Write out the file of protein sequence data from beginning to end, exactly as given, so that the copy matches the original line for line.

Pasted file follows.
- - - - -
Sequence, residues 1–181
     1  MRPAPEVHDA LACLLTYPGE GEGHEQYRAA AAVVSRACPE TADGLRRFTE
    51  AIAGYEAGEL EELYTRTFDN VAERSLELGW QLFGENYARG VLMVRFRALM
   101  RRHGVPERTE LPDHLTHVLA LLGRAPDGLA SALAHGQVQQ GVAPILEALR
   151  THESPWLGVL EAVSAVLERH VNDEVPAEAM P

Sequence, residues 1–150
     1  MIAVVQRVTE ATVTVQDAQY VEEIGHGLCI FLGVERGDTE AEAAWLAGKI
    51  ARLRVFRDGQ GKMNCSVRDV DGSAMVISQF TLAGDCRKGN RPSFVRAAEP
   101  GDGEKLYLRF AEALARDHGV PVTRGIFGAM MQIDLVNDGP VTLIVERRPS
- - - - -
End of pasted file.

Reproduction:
Sequence, residues 1–181
     1  MRPAPEVHDA LACLLTYPGE GEGHEQYRAA AAVVSRACPE TADGLRRFTE
    51  AIAGYEAGEL EELYTRTFDN VAERSLELGW QLFGENYARG VLMVRFRALM
   101  RRHGVPERTE LPDHLTHVLA LLGRAPDGLA SALAHGQVQQ GVAPILEALR
   151  THESPWLGVL EAVSAVLERH VNDEVPAEAM P

Sequence, residues 1–150
     1  MIAVVQRVTE ATVTVQDAQY VEEIGHGLCI FLGVERGDTE AEAAWLAGKI
    51  ARLRVFRDGQ GKMNCSVRDV DGSAMVISQF TLAGDCRKGN RPSFVRAAEP
   101  GDGEKLYLRF AEALARDHGV PVTRGIFGAM MQIDLVNDGP VTLIVERRPS